Lady Bloodfight – a review

    SO….Lady Bloodfight is a film. in the dictionary sense of the word. It is over one hundred minutes long, has a beginning, middle and an end, and it has moving images that one can watch. It is basically a female version of Bloodsport, the Jean-Claude Van Damme martial arts starrer. All the women are very attractive. That is all that can be said with regards as to what is good in this film. 

   Four minutes into the film it is apparent that this is not going to be a great watch. It opens with two women fighting on a rooftop. Shu (Muriel Hofmann) is fighting Wai (Kathy Wu). They are evenly matched and their match is decided a draw, much to the disgust of Wai. They are sent away to find a student each to teach, who might represent them in the next Kumite tournament, five years hence. 

   Two mysterious Chinese men go about recruiting women from around the globe to fight in the next tournament. Meanwhile, Wai’s would be student, Ling (Jenny WU), walks into her dojo and proceeds to beat up her best student. Wai, mildly impressed by her attitude, sacks off all her other students and decides to train the feral Ling for the Kumite. 

   Shu waits for the spirits – really – to send her a student. After encountering a multitude of unsuitable candidates. Jane (Amy Johnston), is a blue-eyed, blonde, who has traveled to Hong Kong in the hope of finding out what happened to her father, who just happened to disappear under mysterious circumstances whilst attending a Kumite tournament. 

   When she is set upon by a small crew of unscrupulous miscreants, she is forced to fight and is winning until one of them knocks her near unconscious and hands out a bit of a beatdown on her. Shu, witnessing the scene, intervenes and gives the thugs a quick bashing before taking Jane back to her place.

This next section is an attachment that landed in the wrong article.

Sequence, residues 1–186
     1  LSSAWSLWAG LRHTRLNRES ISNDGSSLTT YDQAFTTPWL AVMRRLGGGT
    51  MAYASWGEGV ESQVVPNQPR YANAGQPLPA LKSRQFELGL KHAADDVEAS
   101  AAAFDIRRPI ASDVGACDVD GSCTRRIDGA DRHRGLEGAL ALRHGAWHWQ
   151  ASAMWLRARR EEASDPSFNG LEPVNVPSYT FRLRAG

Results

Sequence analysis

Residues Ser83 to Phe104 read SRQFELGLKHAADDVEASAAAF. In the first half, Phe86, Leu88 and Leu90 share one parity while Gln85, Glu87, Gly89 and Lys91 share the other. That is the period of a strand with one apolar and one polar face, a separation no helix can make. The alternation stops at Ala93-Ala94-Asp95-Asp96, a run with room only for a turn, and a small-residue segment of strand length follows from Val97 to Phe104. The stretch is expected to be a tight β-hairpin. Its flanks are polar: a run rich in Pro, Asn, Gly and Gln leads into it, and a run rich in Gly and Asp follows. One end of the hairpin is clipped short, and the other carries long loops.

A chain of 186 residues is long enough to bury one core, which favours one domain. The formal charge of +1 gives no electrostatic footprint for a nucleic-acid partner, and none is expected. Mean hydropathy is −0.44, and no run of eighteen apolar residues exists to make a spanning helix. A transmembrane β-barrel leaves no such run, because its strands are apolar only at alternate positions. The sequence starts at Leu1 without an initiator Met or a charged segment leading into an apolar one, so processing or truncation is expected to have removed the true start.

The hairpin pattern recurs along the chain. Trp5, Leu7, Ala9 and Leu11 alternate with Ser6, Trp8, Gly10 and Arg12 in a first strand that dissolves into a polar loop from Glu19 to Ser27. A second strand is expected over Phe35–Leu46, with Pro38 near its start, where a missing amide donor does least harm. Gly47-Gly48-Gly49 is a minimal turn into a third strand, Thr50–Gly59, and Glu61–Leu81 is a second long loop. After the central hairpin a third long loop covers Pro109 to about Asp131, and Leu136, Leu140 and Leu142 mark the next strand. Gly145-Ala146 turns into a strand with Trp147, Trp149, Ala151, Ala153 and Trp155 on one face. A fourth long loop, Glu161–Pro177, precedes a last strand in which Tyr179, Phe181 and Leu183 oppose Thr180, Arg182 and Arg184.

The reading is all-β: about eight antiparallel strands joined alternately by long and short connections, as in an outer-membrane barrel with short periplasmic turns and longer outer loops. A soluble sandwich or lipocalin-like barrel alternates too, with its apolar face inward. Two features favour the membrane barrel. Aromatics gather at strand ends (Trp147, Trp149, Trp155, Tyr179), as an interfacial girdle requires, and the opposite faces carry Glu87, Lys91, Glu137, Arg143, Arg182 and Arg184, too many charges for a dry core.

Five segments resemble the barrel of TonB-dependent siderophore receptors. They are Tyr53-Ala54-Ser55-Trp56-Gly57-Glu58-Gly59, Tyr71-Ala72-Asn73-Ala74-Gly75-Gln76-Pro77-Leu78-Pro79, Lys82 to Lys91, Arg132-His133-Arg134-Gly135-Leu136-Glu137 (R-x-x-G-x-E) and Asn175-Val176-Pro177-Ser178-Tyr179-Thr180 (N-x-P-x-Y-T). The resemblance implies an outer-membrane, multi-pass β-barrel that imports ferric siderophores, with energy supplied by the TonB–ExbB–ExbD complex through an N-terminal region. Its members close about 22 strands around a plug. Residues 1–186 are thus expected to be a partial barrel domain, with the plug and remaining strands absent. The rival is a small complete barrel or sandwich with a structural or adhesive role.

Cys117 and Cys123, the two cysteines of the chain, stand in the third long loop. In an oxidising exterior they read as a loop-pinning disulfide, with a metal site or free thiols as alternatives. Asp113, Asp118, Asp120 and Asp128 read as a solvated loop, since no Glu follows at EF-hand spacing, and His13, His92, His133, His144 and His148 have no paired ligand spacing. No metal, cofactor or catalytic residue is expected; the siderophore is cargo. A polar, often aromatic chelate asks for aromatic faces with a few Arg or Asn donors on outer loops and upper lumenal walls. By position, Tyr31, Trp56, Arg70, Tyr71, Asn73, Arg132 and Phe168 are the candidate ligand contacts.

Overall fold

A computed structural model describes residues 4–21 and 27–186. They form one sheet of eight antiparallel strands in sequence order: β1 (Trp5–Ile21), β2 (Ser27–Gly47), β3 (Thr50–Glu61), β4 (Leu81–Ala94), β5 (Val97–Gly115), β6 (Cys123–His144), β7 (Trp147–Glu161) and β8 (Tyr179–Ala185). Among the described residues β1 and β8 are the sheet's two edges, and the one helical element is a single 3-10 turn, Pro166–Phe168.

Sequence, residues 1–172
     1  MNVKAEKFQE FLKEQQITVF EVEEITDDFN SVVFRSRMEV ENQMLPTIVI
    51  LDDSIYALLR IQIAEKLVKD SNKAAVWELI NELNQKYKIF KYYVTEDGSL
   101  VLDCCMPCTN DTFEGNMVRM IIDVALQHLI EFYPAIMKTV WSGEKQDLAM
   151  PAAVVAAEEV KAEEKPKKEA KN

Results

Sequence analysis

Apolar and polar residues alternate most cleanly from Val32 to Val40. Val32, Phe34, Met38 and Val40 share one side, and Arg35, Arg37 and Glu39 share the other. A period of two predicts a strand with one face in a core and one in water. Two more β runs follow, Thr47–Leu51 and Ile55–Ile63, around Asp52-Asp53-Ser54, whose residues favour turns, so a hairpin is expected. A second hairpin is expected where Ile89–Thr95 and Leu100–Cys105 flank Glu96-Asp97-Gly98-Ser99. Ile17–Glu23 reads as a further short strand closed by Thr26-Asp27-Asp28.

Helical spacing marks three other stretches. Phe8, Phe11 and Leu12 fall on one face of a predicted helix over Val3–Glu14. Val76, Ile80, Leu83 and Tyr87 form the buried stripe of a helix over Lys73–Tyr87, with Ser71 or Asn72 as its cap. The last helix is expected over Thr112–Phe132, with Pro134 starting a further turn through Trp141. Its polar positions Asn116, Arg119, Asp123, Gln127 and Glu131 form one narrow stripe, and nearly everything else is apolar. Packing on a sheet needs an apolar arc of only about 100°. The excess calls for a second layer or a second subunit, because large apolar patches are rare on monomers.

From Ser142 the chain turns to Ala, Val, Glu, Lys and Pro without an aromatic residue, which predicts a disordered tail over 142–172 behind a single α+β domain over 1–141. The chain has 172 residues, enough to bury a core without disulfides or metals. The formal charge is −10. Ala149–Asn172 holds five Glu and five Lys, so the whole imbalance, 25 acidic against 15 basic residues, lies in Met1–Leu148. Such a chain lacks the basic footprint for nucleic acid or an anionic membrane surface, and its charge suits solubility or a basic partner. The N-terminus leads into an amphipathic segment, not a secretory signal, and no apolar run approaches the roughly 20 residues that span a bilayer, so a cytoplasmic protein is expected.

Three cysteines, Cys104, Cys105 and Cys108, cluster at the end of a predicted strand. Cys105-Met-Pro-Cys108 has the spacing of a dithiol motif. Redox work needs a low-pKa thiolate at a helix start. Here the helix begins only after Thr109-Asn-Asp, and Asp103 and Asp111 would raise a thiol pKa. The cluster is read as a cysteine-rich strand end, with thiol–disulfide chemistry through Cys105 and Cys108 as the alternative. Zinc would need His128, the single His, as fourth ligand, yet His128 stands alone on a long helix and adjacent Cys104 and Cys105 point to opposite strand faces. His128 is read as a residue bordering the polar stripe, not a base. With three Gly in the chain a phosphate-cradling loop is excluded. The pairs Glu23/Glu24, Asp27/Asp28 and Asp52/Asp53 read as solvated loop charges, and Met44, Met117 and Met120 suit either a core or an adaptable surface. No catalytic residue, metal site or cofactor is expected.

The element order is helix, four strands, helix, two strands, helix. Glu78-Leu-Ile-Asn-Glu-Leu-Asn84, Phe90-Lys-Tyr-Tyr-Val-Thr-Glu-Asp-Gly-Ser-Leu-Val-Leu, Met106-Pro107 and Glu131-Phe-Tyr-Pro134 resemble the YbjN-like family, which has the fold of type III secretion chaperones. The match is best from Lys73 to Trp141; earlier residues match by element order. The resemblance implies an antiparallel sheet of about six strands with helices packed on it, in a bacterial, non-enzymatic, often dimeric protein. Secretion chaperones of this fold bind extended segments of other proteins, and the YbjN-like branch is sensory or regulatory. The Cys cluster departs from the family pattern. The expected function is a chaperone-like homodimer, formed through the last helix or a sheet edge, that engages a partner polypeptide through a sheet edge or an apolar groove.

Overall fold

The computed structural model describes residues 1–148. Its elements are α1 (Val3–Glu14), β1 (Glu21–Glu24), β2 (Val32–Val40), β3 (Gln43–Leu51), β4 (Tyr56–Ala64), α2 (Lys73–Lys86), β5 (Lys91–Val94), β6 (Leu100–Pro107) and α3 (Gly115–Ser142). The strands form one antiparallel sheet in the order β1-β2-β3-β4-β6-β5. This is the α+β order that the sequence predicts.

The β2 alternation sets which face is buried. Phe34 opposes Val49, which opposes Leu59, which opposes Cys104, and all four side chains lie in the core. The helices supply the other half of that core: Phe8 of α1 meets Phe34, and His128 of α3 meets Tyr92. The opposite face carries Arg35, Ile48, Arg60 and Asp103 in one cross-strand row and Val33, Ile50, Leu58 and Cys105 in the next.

Jane, who I forgot to mention had already suffered a bit of a beatdown whilst on American soil, having insulted and embarrassed a patron of the white collar diner she used to work in, he and his buddies decide to set upon her in the underground carpark. She promptly handed out an ass whooping on the four of them, but not before taking a fierce bruising herself. 

    Back in Hong Kong, the twice concussed Jane asks Shu to train her in martial arts. Shu, highly spiritual and given to meditation, agrees to train her if she will enter the Kumite tournament. Jane agrees after Shu brings a bird back to life. Yeah, she can do that. 

    There is a training sequence, flitting between Jane and Ling. Jane’s training is based around the tenants of most martial arts, with Shu always counseling her to remain in control. Ling is encouraged to attack with brutal ferocity. 

   We quickly get to the tournament, where the women fight with unrestrained ferocity and Chinese people, the men, in particular, are made to look very bad. There is one black person in the film, a female boxer in the tournament. She is killed immediately. Jane is befriended by one of the other fighters, Cassidy, played by the brilliantly named Jet Tranter. She could use some help with her IMDB profile page though! 

   Cassidy is chatty and happy in contrast to the brutish Svietta (Mayling Ng) who relishes beating on every opponent she meets. As soon as Svietta and Cassidy are matched up in the contest, you know it is going to end badly for Cassidy. Svietta slits her throat, traumatising Jane.